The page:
Tomomi Maruo has been teaching how to make character bentos, or "kyaraben" for short — at her home for the past 13 years.

America's favorite Amazon princess turns 75 this year — Wonder Woman first swung her golden lasso in All-Star Comics #8 in December 1941, and she's still fighting for freedom and the rights of women.

DC Entertainment is celebrating the Amazon's birthday with a series of events at this year's San Diego Comic-Con; a street corner in the downtown Gaslamp District has been turned into a tribute to Wonder Woman's home on Paradise Island, complete with artists painting giant portraits of her, and a replica of her famous invisible jet.

Jason Dessen, the protagonist of the new novel Dark Matter, is just a regular guy: He's 40, a devoted husband, a professor of physics at a small college, and a loving father to a teenage son.

But one day he's drugged and kidnapped and wakes up to find he's in a very different world. Not just a different world — a different life.

Blake Crouch joins NPR's Elise Hu to talk about the new book, and about why he loves imagining alternate realities.

Copyright 2016 NPR. To see more, visit http://www.npr.org/.

If you love your mom, you might not be too happy with a current exhibition at the Queens Museum in New York City. It's a video installation in which "your mama" jokes and other putdowns are projected onto the walls of a dark room, in a constant loop.

Gay Talese Stays Too Long At 'The Voyeur's Motel'

Jul 24, 2016

The penis, Gay Talese writes in Thy Neighbor's Wife, his 1981 book on the American sexual revolution, "knows no moral code."

"Often regarded as a weapon," he writes, it "is also a burden, the male curse. It has made some men restless roués, voyeurs, flashers, rapists." The penis is but "prey" to the omnipotent temptation of women, "the bevy of buttocks in tight jeans."

One such voyeur — victim, apparently, of the terrible and stern dictates of the penis — is Gerald Foos, the subject of Talese's new book.

Copyright 2016 NPR. To see more, visit http://www.npr.org/.

Iraqi Dancer's Dreams Cut Short By Terrorism

Jul 23, 2016
Copyright 2016 NPR. To see more, visit http://www.npr.org/.

Since his debut novel, A Heartbreaking Work of Staggering Genius, Dave Eggers has finessed a line between fact and fiction. His latest, Heroes of the Frontier, is a novel about a dentist who, after a bad breakup, packs up and moves to Alaska with her two young children.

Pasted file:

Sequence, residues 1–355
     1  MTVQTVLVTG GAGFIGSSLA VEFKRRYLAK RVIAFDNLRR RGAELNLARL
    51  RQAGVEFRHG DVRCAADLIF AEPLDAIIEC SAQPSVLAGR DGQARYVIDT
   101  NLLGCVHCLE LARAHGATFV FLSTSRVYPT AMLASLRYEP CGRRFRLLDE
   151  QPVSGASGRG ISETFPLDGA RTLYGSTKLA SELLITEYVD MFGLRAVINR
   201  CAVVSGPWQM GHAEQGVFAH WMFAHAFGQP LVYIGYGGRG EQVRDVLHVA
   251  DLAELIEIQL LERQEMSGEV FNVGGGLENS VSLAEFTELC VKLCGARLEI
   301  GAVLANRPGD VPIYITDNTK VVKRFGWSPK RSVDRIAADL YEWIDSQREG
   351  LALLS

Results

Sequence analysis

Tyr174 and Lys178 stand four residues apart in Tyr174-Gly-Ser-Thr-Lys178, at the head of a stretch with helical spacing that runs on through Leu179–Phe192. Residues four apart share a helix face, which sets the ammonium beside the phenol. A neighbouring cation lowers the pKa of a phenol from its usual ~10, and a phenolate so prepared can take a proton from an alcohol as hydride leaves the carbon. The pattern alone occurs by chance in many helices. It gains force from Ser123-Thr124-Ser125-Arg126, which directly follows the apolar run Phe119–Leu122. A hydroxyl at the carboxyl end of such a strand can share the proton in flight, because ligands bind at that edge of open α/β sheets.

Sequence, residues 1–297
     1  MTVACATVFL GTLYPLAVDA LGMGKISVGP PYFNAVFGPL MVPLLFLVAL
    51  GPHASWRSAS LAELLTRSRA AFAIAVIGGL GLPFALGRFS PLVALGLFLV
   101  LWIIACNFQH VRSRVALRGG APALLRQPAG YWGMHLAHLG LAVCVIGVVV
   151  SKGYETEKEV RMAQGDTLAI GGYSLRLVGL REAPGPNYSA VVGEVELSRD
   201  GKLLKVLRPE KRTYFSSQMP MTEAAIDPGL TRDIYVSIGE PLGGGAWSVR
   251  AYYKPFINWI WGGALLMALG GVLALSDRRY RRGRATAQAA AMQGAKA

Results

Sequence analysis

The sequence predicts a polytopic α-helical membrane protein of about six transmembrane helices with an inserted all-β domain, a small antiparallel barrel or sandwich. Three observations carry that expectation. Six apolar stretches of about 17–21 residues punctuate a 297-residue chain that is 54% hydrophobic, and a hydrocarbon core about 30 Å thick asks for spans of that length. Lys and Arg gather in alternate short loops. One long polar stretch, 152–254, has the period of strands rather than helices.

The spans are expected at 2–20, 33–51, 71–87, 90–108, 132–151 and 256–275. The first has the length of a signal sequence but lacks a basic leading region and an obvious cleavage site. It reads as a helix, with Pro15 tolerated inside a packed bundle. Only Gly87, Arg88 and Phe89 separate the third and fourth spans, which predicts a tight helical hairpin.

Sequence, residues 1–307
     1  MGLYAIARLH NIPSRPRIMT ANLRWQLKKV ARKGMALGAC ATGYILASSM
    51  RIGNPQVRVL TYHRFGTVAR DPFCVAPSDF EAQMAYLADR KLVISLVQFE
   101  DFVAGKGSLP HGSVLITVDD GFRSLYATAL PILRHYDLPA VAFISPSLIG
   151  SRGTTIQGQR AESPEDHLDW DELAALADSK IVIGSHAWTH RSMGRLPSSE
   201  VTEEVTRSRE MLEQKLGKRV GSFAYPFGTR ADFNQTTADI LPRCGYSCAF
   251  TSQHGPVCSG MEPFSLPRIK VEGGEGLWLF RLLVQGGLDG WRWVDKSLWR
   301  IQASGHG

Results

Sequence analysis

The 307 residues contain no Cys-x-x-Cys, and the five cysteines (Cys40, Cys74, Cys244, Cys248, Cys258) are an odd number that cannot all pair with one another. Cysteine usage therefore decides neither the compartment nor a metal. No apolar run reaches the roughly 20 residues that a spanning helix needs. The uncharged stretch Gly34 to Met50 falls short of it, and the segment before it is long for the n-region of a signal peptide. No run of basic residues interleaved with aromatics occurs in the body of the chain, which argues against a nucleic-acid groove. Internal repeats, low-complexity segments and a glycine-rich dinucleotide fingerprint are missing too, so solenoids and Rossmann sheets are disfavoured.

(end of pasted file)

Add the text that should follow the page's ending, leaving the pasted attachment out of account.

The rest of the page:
Alaska is "a working state" that's "not too precious about itself," Eggers tells NPR's Scott Simon. "It's still very raw and there's still so much of it that you can discover, and be alone."

Copyright 2016 KRTS-FM. To see more, visit KRTS-FM.

NASA Administrator Charles Bolden flew four times on the space shuttle and was the first voice to be broadcast from Mars.

We've invited him to play a game called "You're not Charles in Charge — he is!" Click the audio link above to hear Bolden answer three questions about the remarkable career of actor and Republican National Convention speaker Scott Baio.

If you ask Mike Birbiglia, the principles of improv apply everywhere: "It changed the way I thought about everything," says the writer, director and actor. "[It] helps in parenting and being a good husband and being a good friend ... any collaborative job."

Best known for his stand-up comedy and roles in GIRLS and Orange Is the New Black, Birbiglia's latest project is Don't Think Twice, a movie that chronicles the ups and downs of a fictional, New York improv group called The Commune.

This year at San Diego Comic-Con, one of the biggest phenomena isn't just inside the convention center, it's all around. Yes, there are billboards and installations trumpeting things like Doctor Strange and Fear the Walking Dead. But the crowds of people here aren't looking up; they're mostly staring down at their phones, playing Pokémon Go.

John Evans, co-owner of California's Diesel, A Bookstore, recommends three vacation reads: The Sympathizer by Viet Thanh Nguyen, The Sport of Kings by C. E. Morgan and Under the Big Black Sun: A Personal History of L.A. Punk by John Doe and Tom DeSavia.

Copyright 2016 NPR. To see more, visit http://www.npr.org/.

Born This Way is a reality show — not too different from The Real World, the groundbreaking show that helped define the genre and aired for more than 30 seasons on MTV. Both feature a cast of diverse young adults navigating the world around them. Both came from reality TV pioneer Jonathan Murray (who co-created The Real World with Mary-Ellis Bunim). The big difference: All the stars of Born This Way have Down syndrome.

Pages